• Which leaves us with the Independent/Republic ending. It gives you a small Hope Spot that perhaps you can have a chance to prevent Japan from making all the mistakes that they made in our timeline by transforming the country into a democracy without the need of a devastating world war. However, in the victory cutscene, you were referred to by your general as 'our mighty leader', instead of, say, 'Mr. President' or 'Prime Minister'. Strongly implying that instead of creating a true constitutional democratic state, under your rule the country will become nothing more then another People's Republic of Tyranny.
      • Of course, Depending on the leader, a People's Republic of Tyranny could be pretty okay. Not all dictatorships are like North Korea. There is also the possibility that he is just sucking up.
      • Regardless of how good or bad the republic begins, it should be noted that in order to actually win the campaign as a Republic (at least at Legendary difficulty) you have to stop at nothing lest you are crushed by the combined forces of everyone. One of the few examples of a victorious Republic campaign at Legendary difficulty is one in which the Josai Republic raped Japan in order to sustain itself. With trade income down to zero (no allies and foreign trade constantly raided), the Republic never managed to get positive income, and was forced to constantly plunder every city they captured to avoid bankruptcy, then proceed to raze every building in the city they had no hope of holding just to weaken the enemy. By the end of the campaign, the victorious Republic had left Japan in shambles, with most provinces completely impoverished and rebels roaming the land. Talk about Pyrrhic Victory...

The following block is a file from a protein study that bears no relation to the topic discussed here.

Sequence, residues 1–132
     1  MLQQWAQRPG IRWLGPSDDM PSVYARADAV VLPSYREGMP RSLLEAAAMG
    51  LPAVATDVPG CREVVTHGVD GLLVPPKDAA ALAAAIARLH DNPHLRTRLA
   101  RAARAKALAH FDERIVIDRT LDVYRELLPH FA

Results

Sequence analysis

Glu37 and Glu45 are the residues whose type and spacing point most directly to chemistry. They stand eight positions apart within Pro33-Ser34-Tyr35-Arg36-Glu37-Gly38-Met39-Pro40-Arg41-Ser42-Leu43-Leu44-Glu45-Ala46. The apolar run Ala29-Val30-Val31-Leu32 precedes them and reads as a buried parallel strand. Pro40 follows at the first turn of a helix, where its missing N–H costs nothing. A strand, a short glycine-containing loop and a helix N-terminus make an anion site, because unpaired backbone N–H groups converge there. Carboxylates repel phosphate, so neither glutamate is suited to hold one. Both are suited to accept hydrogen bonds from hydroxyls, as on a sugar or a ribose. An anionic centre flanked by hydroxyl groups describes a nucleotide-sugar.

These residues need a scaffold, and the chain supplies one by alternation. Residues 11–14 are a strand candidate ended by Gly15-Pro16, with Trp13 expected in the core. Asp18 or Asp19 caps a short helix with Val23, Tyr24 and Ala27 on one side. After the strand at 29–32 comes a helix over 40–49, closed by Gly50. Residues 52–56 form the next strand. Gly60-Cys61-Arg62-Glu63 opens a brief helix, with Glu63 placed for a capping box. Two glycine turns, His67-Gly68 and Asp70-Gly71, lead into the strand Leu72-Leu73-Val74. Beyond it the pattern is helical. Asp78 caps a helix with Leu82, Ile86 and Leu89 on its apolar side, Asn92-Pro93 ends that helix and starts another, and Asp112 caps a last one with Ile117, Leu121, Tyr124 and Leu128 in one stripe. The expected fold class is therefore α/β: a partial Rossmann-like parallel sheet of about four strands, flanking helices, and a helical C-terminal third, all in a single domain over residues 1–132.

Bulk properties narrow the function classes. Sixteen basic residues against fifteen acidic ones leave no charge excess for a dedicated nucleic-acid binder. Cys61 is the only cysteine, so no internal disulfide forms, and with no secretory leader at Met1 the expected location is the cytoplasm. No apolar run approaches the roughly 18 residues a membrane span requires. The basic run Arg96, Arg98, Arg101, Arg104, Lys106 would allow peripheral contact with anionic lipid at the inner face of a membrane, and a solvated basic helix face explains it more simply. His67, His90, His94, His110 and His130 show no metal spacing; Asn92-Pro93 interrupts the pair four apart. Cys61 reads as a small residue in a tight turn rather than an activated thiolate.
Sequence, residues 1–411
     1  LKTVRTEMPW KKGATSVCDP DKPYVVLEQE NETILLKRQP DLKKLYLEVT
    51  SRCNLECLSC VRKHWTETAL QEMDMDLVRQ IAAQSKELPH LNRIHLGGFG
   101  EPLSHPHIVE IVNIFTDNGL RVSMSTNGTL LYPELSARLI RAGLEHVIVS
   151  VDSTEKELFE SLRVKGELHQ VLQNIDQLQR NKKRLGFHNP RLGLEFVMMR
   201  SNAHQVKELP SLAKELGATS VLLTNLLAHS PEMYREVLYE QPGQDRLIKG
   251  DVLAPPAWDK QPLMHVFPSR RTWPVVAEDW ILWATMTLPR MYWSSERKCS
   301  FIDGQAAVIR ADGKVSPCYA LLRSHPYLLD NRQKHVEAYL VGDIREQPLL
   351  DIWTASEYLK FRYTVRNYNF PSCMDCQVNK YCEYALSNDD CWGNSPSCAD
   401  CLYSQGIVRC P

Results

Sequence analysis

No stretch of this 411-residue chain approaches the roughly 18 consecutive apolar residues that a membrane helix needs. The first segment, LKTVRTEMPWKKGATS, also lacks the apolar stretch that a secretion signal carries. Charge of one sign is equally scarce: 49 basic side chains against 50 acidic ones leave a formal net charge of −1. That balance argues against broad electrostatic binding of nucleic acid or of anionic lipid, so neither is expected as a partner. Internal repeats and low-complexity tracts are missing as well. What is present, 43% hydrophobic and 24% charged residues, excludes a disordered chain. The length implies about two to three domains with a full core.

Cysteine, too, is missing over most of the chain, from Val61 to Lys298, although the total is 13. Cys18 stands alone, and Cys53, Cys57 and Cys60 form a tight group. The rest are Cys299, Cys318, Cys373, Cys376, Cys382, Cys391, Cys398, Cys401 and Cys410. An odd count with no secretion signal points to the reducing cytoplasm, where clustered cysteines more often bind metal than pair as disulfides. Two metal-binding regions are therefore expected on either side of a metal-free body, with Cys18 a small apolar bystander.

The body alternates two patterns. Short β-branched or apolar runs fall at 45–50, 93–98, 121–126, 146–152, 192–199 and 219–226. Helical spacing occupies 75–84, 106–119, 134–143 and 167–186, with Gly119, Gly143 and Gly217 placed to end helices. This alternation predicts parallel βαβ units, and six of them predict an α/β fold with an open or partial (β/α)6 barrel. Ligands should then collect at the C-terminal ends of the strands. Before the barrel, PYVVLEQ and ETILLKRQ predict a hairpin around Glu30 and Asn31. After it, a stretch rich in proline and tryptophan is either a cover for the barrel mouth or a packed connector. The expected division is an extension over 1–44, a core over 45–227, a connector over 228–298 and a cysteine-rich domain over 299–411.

• In Medieval II, when you defeat enemies while they rout you take prisoners. After a battle, your normally get a choice: Execute them outright, release them outright, or hold them for ransom, either seeing them released in exchange for money or you get nothing from their faction and have to execute them. At the bottom right hand corner of the battle map's controls, you see a number of prisoners you take during the battle. This counter rises as long as you are taking prisoners. However, when fighting Rebels, no matter how high the counter goes you never get the option to ransom them. And when discussing rebels, your generals will mention that they "so richy deserve the gallows"... do the math.
    • If you're worried about losing Chivalry points or gaining Dread, no one seems to care about what you do to rebels. In fact, for all intents and purposes you may as well have just killed them in the battle itself like in Rome.
  • In Medieval II, if you choose to execute prisoners or the enemy doesn't pay ransom, you hear the rather gruesome sounds of them being executed. Some of them are obvious, like choking sounds indicating a hanging, or gunfire indicating firing squads. But one sound just consists of a horse's hooves, a man screaming, and messy blood splatter. In other words, it's the sound of prisoners being drawn and quartered.